Read full article at CMO.com “ADI: Mobile Quickly Becoming The Video-Viewing Platform Of Choice”


Note: it is our policy to give credit as well as deserved traffic to our news sources – so we don't repost the entire article – sorry, I know you want the juicy bits, but I feel it is only fair that their site get the traffic and besides, you just might make a new friend and find an advertiser that has something you've never seen before

(cover photo credit: snap from CMO.com)


  1. I’ve always said 4K is too much way too soon.  I don’t shoot for cinema or large screen venues so I’ve never had a client ask for it.  To be honest I’ve only had 3 clients specifically ask for HD….!  The general public doesn’t care about resolution just as long as they can get it easily and readily.  Only imaging professionals truly care about 4K because it’s so cool.  I’m not changing my workflow anytime soon to accomodate it.  I hope it dies and then experiences an all too necessary resurgence later on. But it won’t.

  2. I watch a lot of content on my tablet, and wherever possible watch the resolutions greater than HD, as it looks a whole lot nicer. My workflow has been 4K for a long time now. Going back to HD for me is like how watching VHS was compared to DVD after they had been around for a couple of years. 
    4K TV I think is a waste of time for the typical living room TV given the typical size / field of view of the normal setup, but that is becoming less and less of a way of consuming media. For a decent home theater or interactive media you just can’t beat it though.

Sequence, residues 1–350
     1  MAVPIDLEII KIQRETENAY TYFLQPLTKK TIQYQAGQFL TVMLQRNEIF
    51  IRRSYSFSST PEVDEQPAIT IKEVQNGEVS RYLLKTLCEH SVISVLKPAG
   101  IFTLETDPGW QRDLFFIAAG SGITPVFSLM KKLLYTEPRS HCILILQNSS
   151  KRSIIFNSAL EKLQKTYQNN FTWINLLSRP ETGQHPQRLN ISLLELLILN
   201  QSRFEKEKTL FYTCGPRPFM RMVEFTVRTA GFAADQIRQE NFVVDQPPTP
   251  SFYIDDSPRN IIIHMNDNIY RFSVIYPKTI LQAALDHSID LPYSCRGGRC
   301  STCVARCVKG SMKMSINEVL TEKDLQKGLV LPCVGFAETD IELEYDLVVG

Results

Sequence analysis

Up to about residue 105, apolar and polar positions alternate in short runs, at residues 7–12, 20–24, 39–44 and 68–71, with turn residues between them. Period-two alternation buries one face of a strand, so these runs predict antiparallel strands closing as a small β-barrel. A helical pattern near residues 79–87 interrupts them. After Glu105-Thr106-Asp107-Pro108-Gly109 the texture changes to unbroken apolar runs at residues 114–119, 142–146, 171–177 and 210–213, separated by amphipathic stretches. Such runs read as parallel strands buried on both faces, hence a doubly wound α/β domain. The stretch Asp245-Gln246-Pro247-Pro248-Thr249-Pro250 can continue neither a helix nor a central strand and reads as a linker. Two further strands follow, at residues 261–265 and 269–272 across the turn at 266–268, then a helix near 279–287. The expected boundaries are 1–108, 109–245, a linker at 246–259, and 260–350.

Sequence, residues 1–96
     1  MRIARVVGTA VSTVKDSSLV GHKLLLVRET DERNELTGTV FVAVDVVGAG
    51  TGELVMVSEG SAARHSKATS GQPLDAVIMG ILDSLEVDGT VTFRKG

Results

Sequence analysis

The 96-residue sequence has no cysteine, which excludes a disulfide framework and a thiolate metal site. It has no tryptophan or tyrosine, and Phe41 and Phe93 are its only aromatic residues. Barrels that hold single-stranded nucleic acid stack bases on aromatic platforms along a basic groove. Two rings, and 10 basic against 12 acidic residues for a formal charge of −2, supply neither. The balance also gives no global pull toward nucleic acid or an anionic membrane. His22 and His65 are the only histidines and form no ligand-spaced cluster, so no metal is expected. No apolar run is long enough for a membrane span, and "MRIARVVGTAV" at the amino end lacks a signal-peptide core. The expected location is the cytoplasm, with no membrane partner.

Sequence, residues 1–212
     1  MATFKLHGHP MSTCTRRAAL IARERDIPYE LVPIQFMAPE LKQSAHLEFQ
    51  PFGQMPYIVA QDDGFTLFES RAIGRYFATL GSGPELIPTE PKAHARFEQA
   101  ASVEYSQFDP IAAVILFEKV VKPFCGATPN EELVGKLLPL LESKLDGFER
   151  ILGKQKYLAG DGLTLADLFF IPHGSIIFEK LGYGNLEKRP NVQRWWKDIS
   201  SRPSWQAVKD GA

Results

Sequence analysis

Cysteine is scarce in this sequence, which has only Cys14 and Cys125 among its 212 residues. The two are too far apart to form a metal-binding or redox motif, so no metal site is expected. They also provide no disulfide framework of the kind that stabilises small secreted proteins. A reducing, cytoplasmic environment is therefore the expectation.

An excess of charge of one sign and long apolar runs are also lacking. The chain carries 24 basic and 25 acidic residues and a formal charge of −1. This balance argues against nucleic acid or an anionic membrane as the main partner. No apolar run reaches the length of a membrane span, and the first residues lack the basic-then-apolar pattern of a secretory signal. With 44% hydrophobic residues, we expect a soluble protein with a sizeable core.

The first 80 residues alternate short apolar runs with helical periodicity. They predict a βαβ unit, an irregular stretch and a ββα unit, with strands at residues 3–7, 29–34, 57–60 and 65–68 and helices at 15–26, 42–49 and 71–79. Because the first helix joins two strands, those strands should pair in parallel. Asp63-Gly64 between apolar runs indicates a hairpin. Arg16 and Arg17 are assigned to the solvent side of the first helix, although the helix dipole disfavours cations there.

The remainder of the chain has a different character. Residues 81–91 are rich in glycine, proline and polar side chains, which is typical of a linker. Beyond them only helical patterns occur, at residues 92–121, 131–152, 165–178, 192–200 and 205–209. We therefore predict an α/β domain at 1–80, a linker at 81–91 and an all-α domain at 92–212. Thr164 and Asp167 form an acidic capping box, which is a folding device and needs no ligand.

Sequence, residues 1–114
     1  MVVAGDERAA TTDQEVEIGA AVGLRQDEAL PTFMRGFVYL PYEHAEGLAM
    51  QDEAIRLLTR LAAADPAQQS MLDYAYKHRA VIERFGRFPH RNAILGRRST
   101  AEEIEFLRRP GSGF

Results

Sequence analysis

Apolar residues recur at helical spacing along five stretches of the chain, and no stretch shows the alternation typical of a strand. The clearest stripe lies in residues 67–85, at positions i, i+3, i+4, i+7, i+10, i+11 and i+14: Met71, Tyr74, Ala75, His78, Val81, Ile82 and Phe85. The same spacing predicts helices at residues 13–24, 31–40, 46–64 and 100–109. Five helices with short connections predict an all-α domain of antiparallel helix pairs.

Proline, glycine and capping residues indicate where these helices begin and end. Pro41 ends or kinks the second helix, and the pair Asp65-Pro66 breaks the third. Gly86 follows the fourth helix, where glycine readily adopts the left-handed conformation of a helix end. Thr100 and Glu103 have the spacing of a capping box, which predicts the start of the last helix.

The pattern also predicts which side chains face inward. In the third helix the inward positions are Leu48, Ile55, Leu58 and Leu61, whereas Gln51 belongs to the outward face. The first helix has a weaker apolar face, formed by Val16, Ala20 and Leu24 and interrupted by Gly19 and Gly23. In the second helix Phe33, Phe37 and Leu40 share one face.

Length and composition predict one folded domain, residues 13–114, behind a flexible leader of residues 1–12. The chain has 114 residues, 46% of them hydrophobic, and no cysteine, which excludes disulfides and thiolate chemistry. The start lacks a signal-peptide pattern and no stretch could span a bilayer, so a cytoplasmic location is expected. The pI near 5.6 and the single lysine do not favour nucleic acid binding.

3. Antzkiwi This is interesting: 4K TV is a waste, but 4K tablet isn’t…I have to chew on that.

  4. HughBrownstone Antzkiwi I have a 32″ TV in my lounge, the difference between DVD and BluRay is only just noticeable at my normal viewing distance. However, I also have a 1080p projector for watching movies, and often wish for more resolution.

  5. John Brune 4k is the bomb…and if you don’t embrace it you will be left behind.  I still shoot most commercial things in 1080 but only because I dont have  RED or other decent CINE camera to do it.  My workflow is all 4k from my drone and some pocket stuff. If you see it on the screen compared to a 1080 people do go wow……that is sooo clear……and honestly it is a way better video.  The networks will still need to catch up but they are moving fast to do so……trust me……within 6 months it will explode…..

  6. ChrisWilcox1 John Brune Hey Chris… that’s what they said about BlueRay too… and it has “bombed” LOL. There’s no doubt that 4k downrezed to 1080 will be more detailed… but do people care? ESPN still delivers 720 to most people in the US… where’s the complaining about that? I just don’t see the huge outcry that people keep saying is coming ‘in 6 months’ – they’ve been saying it for years.

  7. planetMitch ChrisWilcox1 John Brune If you post on youtube or vimeo 4k is a must. Even here in Italy with only 6 Mb/s ADSL I can’t stand watching a video at 720. Even if I have to wait the buffer I want watch it in 1080. And if you see a video 4k resized in 1080 or a native 1080 well…. you can’t say it doesn’t worth it. Even if for the next 6 year people will not have 4k TV and youtube strem only in 1080 I will shoot 4k every time I’ll can.
    Sorry for my english

  8. planetMitch ChrisWilcox1 John Brune I don’t think BluRay has “Bombed” so much as just physical media is just going away in general. BluRay is still about 30% of physical media sales, and about 50% of the latest blockbuster titles. If I am buying anything for myself it is always BluRay, but most people do not buy BluRays for kids which makes up a huge chunk of the home video market.